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Recommendations for an beginner's hammer(s) & tong(s)?

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I'm just getting started-out. I have my anvil, and am building a stand for it. I am building my propane forge (almost done, just need to get the coatings in it and tune it/troubleshoot).

So, for someone just starting out, what's the recommendations beginning hammer and tongs? And any recommendations on where to buy them? I know I should eventually I should be able to make my own tongs, but I'm not there yet.

I was considering the cheaper house-brand hammers at Blacksmith's Depot, they sell a set as the "800 Swed and 1000 Czech". Is that because those are a good beginner's combo or just their two cheap hammers?

For tongs, from reading online and looking around, a pair of wolf-jaw tongs sounds very universal for starting-out. Thinking maybe 16" or 20" long pair

If it makes any difference, I hope to eventually make some knives. Given the size of my forge (freon tank) I won't be doing anything really large.


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Take a look around second hand shops, flea markets, garage and yard sales for hammers. To start you won't really need anything special, ball peins and cross peins are pretty common as are drilling hammers.

If I had to pick two styles from the hardware store it'd be a cross pein and a drilling hammer. This is a drilling hammer Amazon.com: Drilling Hammer, 2 Lb: Home Improvement and this is a cross pein.

I don't recommend a beginner use a hammer much heavier than 2lb till they develop good hammer technique and build up a little muscle.

However well you can do with whatever hammers you find, a hammer designed by a smith for smithing is another thing all together. So, go with the garage sale or closeout store hammers to get to forging and save up for one of Mr. Hofi's hammers.


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what Frosty said!! also I would be sure to get some experience before you start using a really nice hammer like Hofi's, you will want to keep the face of your smithing hammer in perfect shape, and it takes a while to learn the right techniques to keep from damaging the face. It is a fact that after you start smithing, the hammers will start accumulating in your shop, like rabbits, and you will have some for chisel work, some for cold work, your really nice one for hot work etc.. so take your time and enjoy the journey.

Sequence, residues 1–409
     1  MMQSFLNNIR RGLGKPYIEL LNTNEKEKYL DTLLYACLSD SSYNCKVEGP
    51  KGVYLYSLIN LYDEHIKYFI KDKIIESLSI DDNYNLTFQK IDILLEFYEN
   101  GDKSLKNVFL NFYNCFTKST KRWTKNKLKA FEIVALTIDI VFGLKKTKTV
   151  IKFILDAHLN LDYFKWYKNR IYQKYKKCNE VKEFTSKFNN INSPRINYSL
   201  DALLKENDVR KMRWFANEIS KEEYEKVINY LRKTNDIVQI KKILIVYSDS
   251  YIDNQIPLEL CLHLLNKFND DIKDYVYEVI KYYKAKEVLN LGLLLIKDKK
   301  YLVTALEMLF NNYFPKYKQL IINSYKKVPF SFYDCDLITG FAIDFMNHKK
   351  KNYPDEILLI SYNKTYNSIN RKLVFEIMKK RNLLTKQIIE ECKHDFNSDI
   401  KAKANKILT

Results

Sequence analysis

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I use a 2 1/2 lb. cross peen from home depo for all my work, and I've been using it for the past 2+ years. One corner of the peen could use some slight reshaping and the handle is about to come off. I think I paid about $20.00 for it. So you can get a decent hammer that way!
I used vice grips for the first year but I don't recommend it. If you have the money I would say go ahead and buy some tongs. I have one pair if 3/8" round tongs, but they hold the same in square and will handle 1/2" round as well. They aren't as good with flat, but if I'm carefull I can use them for that as well. So you can get one pair and make do if you have to!

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+1 what Frosty said about hammers. I can find ball peins of various sizes for $1 a piece at the local flea markets every weekend. Cross peins can be found for $5-10 depending on size and condition. Used hammers are a great way to start.

Personally when I started I purchased three tools new and everything else has been used.

I bought a rounding hammer from Blacksmith Depot and some Offcenter brand tongs for 1/4 inch and 3/8. The tongs hold square and round and because they are built for specific size stock they hold it very secure.